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Ontario Liberal Leader Kathleen Wynne, left, and Ontario NDP Leader Andrea Horwath take part in the northern leaders' debate in Thunder Bay on Monday, May 26, 2014.


Two of the three political party leaders vying for the premier's chair in Ontario squared off in a mild-mannered debate on northern issues Monday.

Liberal Leader Kathleen Wynne and NDP Leader Andrea Horwath answered questions from community leaders at the hour-long debate hosted at the Valhalla Inn in Thunder Bay. Progressive Conservative Leader Tim Hudak did not attend, citing a scheduling conflict as he attended an event in Peterborough.

Each candidate was given two minutes for opening and closing remarks as well as two minutes to respond to each question, posed by a small group comprised of two mayors, two chamber of commerce leaders and the deputy chief of the Nishnawbe Aski Nation. The format provided little fodder for a heated debate, though each leader fired off criticism at the other parties.

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Ms. Wynne kept her target on the absent Mr. Hudak, whom she has set as her main opponent throughout the campaign.

"Cutting 100,000 jobs from the economy – which is what Tim Hudak wants to do – will push us back, will actually slow our recovery and slow our ability to deal with our deficit," Ms. Wynne said when answering a question about eliminating the province's deficit. She spent little time taking digs at her opponent on stage.

Ms. Horwath, however, was equally critical of both the PC and Liberal leaders, posing her party as an alternative option and spending the two minutes for her closing remarks laying out a laundry list of controversies in the Liberal party's 10 years of running the Ontario government.

"[Your tax dollars] have been wasted on partisan advertising, CEO bonuses, billions wasted on corruption, incompetence: ORNG air ambulance, eHealth, the gas plants scandal," Ms. Horwath said, calling the Liberal party "corrupt" and the PC party's plan "nonsensical."

Ms. Wynne brushed off the notion that her party is corrupt, calling it "sad" that the NDP Leader would use such language when Ms. Wynne has endeavoured to answer all questions about the gas-plant scandal.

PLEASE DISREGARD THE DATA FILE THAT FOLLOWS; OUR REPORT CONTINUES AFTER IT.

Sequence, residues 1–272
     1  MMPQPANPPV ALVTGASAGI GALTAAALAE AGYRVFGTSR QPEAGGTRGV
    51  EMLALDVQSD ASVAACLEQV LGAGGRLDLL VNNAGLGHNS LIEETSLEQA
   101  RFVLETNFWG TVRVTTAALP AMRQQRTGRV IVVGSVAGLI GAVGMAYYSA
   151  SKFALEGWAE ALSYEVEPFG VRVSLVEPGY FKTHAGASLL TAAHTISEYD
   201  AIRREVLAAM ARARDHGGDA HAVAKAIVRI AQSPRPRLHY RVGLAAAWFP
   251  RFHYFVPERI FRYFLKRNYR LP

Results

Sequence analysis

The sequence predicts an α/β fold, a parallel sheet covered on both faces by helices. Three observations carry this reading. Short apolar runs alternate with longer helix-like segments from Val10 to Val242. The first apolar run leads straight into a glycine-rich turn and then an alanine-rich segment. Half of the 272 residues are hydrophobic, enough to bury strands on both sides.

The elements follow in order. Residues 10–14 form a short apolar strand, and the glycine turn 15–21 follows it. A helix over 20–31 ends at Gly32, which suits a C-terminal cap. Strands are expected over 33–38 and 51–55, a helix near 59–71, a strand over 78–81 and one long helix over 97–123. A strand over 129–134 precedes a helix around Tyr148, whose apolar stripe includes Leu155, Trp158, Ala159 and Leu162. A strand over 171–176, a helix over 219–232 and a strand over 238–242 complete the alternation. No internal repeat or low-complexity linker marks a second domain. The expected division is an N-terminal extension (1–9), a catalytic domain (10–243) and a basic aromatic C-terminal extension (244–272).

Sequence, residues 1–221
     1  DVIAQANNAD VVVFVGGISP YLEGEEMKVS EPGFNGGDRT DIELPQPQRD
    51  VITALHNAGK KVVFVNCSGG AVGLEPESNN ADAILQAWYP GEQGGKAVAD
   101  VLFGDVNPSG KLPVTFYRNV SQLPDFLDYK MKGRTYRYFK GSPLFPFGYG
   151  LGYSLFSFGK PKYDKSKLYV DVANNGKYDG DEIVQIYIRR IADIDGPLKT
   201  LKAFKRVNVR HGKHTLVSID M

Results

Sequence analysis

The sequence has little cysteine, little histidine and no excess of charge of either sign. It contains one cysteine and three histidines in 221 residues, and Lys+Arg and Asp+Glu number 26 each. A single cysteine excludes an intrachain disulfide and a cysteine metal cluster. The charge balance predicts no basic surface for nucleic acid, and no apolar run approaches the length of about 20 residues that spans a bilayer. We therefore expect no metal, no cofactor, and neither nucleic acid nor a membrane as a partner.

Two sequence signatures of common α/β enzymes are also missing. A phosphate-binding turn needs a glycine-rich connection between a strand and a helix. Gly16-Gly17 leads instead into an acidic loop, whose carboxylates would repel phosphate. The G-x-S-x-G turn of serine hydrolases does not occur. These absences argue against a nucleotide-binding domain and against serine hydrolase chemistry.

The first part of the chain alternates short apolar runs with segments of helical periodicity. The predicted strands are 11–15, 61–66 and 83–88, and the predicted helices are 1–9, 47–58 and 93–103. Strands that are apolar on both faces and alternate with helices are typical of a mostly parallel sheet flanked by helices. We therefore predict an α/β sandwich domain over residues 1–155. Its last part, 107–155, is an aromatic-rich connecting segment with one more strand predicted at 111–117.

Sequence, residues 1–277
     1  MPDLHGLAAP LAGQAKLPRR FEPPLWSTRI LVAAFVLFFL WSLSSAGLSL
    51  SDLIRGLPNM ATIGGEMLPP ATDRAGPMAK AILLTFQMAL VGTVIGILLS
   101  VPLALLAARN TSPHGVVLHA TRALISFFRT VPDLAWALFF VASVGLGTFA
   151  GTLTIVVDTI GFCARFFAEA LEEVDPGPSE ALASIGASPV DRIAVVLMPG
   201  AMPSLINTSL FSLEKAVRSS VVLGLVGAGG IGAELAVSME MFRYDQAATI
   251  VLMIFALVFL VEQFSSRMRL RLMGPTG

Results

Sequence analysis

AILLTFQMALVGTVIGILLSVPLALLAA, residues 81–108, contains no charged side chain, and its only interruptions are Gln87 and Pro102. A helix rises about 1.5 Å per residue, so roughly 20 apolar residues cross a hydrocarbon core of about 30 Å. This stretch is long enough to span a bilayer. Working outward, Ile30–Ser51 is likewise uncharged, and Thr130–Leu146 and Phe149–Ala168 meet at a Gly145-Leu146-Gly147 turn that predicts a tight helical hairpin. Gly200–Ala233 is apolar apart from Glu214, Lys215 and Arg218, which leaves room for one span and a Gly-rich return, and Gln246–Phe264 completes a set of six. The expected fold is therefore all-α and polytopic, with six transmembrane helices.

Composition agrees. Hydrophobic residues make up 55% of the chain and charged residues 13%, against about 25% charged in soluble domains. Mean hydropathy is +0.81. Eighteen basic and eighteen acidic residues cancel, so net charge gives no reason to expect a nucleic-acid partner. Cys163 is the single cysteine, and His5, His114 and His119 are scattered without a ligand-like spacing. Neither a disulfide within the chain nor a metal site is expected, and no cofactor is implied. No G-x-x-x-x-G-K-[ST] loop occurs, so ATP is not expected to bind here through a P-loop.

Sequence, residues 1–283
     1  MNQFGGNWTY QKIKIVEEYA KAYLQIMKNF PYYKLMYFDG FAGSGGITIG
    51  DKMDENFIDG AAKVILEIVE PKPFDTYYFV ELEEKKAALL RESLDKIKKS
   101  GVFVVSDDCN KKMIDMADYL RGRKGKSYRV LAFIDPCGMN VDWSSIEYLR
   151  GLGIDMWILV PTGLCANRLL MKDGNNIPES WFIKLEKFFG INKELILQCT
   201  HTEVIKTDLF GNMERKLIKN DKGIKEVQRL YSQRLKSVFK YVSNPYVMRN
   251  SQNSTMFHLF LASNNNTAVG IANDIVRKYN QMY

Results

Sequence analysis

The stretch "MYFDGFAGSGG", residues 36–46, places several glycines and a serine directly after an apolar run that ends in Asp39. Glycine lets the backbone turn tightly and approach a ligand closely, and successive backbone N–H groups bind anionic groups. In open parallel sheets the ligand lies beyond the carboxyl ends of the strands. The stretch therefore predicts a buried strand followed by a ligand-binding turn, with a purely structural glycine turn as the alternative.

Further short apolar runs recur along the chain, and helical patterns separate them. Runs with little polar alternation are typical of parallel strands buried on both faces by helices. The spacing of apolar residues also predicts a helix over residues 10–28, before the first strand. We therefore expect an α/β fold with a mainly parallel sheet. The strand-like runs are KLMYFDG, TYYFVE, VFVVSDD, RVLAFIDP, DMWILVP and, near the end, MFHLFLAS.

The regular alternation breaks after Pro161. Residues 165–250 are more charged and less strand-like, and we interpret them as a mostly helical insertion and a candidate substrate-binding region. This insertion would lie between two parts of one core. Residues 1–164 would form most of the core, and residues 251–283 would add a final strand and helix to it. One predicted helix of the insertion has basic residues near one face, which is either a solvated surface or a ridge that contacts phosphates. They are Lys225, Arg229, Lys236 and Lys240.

The debate was attended by 350 people who paid $45 a ticket to sit in on the lunchtime event.

Questions in the debate included inquiries about hydro bills, policing costs and municipal property taxes, but the biggest issue of the debate was developing the Ring of Fire area in northern Ontario. In her platform released Sunday in Thunder Bay, Ms. Wynne pledged to spend $1-billion to build a highway to spur industry in the remote area that contains large mineral deposits. During the debate, Ms. Horwath promised to spend $1-billion or more to ensure the area is developed quickly and properly. She accused the Liberal party of dropping the ball on the Ring of Fire by not making much progress over the last few years.

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"It is obvious that the Ring of Fire is a great opportunity for Northern Ontario. It's an opportunity that sat waiting to be realized, though, while the Liberals have done nothing over the last number of years," Ms. Horwath said, referencing the decision from Cliffs Natural Resources Inc. to walk away from plans to open a chromite development project in the area.

"That is because there is no confidence in the Liberals to get it right in the Ring of Fire."

But the Liberal Leader touted her plan – which would see a development corporation with invested parties established within 60 days of re-election – and said her party has been laying the groundwork for development over the last few years.

"It is so important that I will not consider my premiership successful, if I'm privileged to be re-elected, unless we've been able to deliver on significant progress in the Ring of Fire," she said.

The debate also marked a first in Ontario politics: a leaders debate where two women held the podiums. Both Ms. Wynne and Ms. Horwath perked up at the mention of the milestone, saying they were proud to be able to take part and set a positive example for young women.

All three party leaders will take part in a general issues debate on June 3 in Toronto.

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Mr. Hudak spent much of his day fielding questions on why he had not taken part in the debate.

At a press conference in Thornhill to discuss his proposed public sector wage freeze, he suggested he could not participate because of a scheduling problem.

"I had wished that the schedule had worked out," he said. "[Debate organizers] just didn't have the flexibility."

Asked if he would visit the North during the campaign – which he hasn't so far – he would not answer the question.

"I'll keep working hard and travelling with my message anywhere I can," he said.

Later in the day, PC campaign manager Ian Robertson held a conference call to attack Ms. Wynne's budget-balancing plans, but found himself again pressed for a more thorough explanation of Mr. Hudak's decision not to go to the debate.

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"I'll let the Leader's comments stand on that," he said.

Asked if Mr. Hudak would visit the North at all, Mr. Robertson would not say, suggesting that to reveal anything about the campaign's travel plans would give an advantage to the Liberals.

"I would love to tell you but I also know a lot of Liberals enjoy following your tweets so I'm not going to tell you where we're going," he said. "We're not going to talk about our tour plans with the media."

With files from Adrian Morrow

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